ERIC Number: EJ800253
Record Type: Journal
Publication Date: 2008-Jul
Abstractor: As Provided
Reference Count: N/A
Low-Wage Maternal Employment and Parenting Style
Jackson, Aurora P.; Bentler, Peter M.; Franke, Todd M.
Social Work, v53 n3 p267-278 Jul 2008
This three-year longitudinal study investigated whether low-wage employment was associated with improved psychological and parenting outcomes in a sample of 178 single mothers who were employed and unemployed current and former welfare recipients both before and subsequent to the passage of the Personal Responsibility and Work Opportunity Reconciliation Act of 1996. Participation in employment predicted fewer depressive symptoms and less negative parenting style over time. Employment at time 1 was associated with a reduced likelihood of receiving welfare in the interim between times 1 and 2, less financial strain at time 2, and (through these) a decrease in mothers' depressive symptoms at time 2. Fewer depressive symptoms at time 2, in turn, predicted less negative parenting style, net of the mothers' earlier demographic, mental health, and parenting characteristics. Mothers with higher education attainment were more likely to be employed (and to earn more) at both time points. Implications of these findings for welfare policies are discussed.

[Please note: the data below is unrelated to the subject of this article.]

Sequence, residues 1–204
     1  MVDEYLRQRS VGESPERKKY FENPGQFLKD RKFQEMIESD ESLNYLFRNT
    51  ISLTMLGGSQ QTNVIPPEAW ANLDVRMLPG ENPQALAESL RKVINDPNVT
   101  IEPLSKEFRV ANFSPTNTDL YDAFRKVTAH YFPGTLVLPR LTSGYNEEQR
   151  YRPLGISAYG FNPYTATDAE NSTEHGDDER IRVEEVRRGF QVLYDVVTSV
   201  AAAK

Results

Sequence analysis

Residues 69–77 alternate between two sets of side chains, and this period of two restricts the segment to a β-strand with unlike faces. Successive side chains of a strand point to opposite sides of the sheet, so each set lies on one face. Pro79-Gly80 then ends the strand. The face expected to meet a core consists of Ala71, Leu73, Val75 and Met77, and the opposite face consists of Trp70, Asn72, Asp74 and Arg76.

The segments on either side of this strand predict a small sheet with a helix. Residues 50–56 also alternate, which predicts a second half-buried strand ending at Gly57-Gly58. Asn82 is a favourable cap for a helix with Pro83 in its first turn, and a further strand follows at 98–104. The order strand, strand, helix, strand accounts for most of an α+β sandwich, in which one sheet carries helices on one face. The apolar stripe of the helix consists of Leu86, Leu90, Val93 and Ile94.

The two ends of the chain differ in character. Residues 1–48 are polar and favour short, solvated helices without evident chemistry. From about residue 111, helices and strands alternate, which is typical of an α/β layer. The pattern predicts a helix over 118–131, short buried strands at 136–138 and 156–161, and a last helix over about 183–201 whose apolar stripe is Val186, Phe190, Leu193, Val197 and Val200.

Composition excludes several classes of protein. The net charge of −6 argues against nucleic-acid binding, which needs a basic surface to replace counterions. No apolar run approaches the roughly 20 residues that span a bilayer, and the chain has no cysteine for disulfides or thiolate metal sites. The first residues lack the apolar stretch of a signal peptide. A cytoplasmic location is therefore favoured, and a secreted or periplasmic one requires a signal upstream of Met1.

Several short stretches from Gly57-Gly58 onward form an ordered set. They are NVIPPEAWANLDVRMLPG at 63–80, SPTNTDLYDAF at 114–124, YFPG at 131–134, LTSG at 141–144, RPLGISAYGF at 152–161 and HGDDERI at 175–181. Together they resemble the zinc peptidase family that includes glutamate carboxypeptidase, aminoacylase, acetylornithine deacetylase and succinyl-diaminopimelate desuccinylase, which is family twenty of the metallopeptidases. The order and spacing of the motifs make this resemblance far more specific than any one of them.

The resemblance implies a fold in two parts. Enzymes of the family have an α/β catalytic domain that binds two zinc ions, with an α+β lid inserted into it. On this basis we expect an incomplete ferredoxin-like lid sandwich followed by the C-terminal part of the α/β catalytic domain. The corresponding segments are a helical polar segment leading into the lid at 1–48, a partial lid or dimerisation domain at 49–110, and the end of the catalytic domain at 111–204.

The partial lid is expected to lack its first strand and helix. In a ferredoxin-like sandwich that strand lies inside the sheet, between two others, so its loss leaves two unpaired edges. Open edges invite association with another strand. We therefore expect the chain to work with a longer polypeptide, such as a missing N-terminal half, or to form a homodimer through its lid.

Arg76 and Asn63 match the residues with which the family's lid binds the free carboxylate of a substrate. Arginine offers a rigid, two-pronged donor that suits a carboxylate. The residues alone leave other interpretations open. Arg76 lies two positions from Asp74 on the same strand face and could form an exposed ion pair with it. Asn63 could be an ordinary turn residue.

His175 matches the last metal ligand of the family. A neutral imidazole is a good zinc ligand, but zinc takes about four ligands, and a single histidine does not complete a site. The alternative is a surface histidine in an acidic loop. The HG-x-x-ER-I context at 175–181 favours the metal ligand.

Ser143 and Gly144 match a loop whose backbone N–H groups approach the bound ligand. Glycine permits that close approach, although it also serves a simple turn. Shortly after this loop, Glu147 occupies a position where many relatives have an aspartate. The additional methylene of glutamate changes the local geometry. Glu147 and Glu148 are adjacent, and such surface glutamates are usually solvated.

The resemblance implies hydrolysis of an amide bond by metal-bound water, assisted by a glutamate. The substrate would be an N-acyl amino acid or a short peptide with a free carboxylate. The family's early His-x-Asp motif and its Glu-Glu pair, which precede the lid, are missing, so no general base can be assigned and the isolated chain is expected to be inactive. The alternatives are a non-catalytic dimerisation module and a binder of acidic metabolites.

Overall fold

Descriptors: Wages, Employment Level, Mothers, Parenting Styles, Child Rearing, Welfare Recipients, Depression (Psychology), Longitudinal Studies, Psychological Patterns, One Parent Family, Employed Parents, Federal Legislation, Predictor Variables, Symptoms (Individual Disorders), Correlation, Low Income Groups, Mental Health, Educational Attainment
National Association of Social Workers (NASW). 750 First Street NE Suite 700, Washington, DC 20002. Tel: 800-227-3590; e-mail: email@example.com; Web site: http://www.naswpress.org
Publication Type: Journal Articles; Reports - Research
Education Level: N/A
Authoring Institution: N/A
Identifiers - Laws, Policies, & Programs: Personal Responsibility and Work Opportunities Reconciliation Act